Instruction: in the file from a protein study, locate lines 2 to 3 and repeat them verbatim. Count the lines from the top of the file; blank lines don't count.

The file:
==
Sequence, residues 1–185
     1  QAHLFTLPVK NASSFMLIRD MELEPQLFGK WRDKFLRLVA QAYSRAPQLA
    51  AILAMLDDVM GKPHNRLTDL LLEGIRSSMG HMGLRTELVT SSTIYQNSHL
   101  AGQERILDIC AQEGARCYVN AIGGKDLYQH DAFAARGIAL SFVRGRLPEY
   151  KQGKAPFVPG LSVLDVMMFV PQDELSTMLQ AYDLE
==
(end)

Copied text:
     1  QAHLFTLPVK NASSFMLIRD MELEPQLFGK WRDKFLRLVA QAYSRAPQLA
    51  AILAMLDDVM GKPHNRLTDL LLEGIRSSMG HMGLRTELVT SSTIYQNSHL